30% of water used on the East Coast goes to watering lawns.


Maintaining your lawn not only enhances curb appeal but, if done properly, can be beneficial to the environment. A healthy lawn will require less water and fertilizer while also controlling runoff which in turn improves water quality. Your lawn can also provide a cooling effect as well as oxygen and even trap dust and dirt.  Responsible lawn care is vital to our water quality.

STEP 1:  Have Your Soil Checked

             The first step to a healthy lawn is to have your soil checked. This can be done by purchasing a do it yourself soil test or by contacting your local extension agency. Many agencies will provide you with the tools needed to collect your soil and will test it for you at little or no cost. The agency may even provide you with information on how to correct your soil if it is out of the acceptable ranges for optimal growth. For heavy soils be sure to aerate the soil, you can rent the machine and do it yourself or have a professional do it. Also be sure to add organic material as this is a great way to help break down clay or build up sandy soils.

 STEP 2:  Select the Best Grass for Your Area

            The second step is to select the best grass for your area. There are many different types out there so asking a local garden center which is the best for you area is a wise decision. Sow the seed by following the directions on the bag.

 STEP 3:  Water

            The next step is watering your lawn. Be sure to water your lawn deeply and as infrequently as possible. This will allow the roots to run deep and make your lawn more drought tolerant. When watering, place a measuring cup in the sprinkler area to measure the amount of water that is used over a certain period of time. The ideal amount of rain is 1” per week and the watering cycle should be broken up during the week so as not to water all at once which can lead to run off.

STEP 4:  Mow

           Proper mowing of your lawn is also a critical step in this process. Do not cut your lawn too short, ideally you want to maintain the height between 2.5"-3.5" so the grass does not dry out. Keeping blades sharp is also very important, dull blades tear the grass and leave the tips brown which can lead to diseases. If you have a smaller area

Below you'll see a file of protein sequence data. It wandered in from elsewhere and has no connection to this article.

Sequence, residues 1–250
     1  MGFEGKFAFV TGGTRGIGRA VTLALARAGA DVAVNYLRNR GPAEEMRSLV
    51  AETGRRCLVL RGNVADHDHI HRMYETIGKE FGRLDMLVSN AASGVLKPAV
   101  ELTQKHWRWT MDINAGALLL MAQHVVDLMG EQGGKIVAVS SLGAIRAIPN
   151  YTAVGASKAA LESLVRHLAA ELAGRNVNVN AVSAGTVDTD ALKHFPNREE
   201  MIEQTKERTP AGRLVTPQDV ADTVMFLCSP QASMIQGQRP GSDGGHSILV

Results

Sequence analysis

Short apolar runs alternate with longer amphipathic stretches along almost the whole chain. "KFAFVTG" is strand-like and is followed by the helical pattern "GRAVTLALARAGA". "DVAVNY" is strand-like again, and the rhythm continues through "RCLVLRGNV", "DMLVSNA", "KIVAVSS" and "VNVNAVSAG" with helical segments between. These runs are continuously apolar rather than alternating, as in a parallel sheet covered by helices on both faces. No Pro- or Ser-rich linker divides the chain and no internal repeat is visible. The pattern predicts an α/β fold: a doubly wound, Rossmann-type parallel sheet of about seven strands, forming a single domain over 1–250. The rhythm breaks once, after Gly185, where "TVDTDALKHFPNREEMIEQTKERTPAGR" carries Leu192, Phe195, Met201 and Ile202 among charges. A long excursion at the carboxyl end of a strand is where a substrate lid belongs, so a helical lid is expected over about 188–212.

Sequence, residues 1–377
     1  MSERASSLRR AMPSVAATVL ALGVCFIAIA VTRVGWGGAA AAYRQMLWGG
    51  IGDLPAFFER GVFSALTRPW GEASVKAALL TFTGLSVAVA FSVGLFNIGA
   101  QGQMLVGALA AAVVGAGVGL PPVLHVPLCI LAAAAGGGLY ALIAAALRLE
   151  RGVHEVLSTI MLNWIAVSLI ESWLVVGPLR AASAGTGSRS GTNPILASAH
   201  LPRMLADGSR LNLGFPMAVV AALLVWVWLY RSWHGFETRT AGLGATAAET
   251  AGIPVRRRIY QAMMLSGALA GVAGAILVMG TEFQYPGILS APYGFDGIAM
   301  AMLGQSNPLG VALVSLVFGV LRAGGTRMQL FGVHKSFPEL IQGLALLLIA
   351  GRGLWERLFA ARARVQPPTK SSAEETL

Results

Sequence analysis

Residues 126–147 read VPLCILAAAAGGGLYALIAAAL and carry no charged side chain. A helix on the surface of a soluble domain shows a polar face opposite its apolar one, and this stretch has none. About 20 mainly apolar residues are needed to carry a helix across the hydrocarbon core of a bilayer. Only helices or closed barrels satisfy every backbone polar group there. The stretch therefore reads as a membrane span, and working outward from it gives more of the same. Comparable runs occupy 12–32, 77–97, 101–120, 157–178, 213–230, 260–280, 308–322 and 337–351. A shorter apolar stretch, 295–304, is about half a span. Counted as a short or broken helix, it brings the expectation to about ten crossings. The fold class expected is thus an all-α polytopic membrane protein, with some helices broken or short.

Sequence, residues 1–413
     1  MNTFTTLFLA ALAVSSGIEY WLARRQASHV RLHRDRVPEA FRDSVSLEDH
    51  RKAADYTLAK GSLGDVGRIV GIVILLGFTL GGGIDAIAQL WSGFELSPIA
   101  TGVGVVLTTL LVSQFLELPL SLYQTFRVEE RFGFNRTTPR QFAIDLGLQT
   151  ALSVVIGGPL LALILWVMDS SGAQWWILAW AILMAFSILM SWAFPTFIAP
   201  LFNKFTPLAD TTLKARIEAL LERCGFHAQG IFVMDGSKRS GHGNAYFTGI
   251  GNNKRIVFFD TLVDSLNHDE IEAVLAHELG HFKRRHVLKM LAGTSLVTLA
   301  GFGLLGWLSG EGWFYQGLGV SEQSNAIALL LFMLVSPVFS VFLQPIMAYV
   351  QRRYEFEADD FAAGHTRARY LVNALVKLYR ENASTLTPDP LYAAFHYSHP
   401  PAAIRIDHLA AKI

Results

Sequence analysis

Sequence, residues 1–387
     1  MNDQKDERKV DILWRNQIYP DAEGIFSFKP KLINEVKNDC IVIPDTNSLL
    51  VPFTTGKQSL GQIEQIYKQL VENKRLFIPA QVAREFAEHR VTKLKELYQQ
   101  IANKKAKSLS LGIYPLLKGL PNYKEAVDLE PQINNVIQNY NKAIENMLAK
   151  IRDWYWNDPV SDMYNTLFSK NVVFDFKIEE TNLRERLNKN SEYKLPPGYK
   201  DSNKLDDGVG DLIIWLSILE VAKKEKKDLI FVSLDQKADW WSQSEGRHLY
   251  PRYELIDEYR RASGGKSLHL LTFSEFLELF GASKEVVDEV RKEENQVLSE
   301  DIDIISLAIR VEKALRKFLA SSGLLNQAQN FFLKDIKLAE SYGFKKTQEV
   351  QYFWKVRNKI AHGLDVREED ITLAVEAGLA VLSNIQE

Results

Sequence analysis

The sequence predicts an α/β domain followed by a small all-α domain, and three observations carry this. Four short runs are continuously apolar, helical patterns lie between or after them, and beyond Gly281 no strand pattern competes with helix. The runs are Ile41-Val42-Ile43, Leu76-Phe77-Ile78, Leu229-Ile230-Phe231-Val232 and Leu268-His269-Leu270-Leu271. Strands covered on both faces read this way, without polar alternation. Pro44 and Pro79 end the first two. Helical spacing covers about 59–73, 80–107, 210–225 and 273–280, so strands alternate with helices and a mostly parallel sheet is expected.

to cut, a reel lawn mower may be the way to go. They have been improved over the years, with no motor they cause no pollution and are great for the environment. The blades stay sharper longer than conventional mowers and they require little or no maintenance. It is also a great way to stay in shape!

STEP 5:  Put Down the Rake

Allowing grass clippings to decompose on the lawn rather than raking or catching and bagging them will decrease the need for supplemental fertilizer applications. Rake the clippings only if they form an excessively heavy blanket and risk smothering the grass beneath them. In addition be sure to control thatch build-up in your lawn. This is often an over-looked step in lawn maintenance. Thatch is the layer of organic material, such as grass clippings, at the soil level of the lawn. This build up of organic material helps to keep the lawn cool and retain moisture which cuts down on the amount of supplemental watering needed. If there is too much thatch it can choke a lawn by not allowing proper air flow and can become a breeding ground for fungus. Aerating the lawn once a year helps to break down the thatch layer naturally. You can rent a de-thatching machine or hire a professional but this should be done only as a last resort as it can pull out a lot of grass which can lead to more weeds in the lawn.

STEP 6:  Control Weeds 

Weed control is also a vital step to a properly maintained lawn. Not only are they unsightly but they rob the soil of important nutrients. If the lawn is well maintained weed presence should be low and easily controlled by hand weeding. If they do get out of control and you need to use chemical then ask your local garden center on which is the best control for your particular weed problem or hire a professional.

STEP 7:  Fertilize with Care

Last and most importantly is fertilizing your lawn. Try to select an organic fertilizer that isn’t high in nitrogen and use in accordance to the directions to avoid runoff. If you must fertilize with traditional fertilizer try and use a slow release formula that is balanced in nutrients. To maintain a healthy lawn, fertilizing should only be done twice a year to minimize over fertilizing and runoff that affects water quality.



  • 30% of water used on the East Coast goes to watering lawns
  • The average suburban lawn received 10 times as much pesticide per acre as farmland
  •  70 million tons of fertilizer and pesticides are applied to residential lawns and gardens annually.

* Statistics are according to the U.S National Wildlife Federation.

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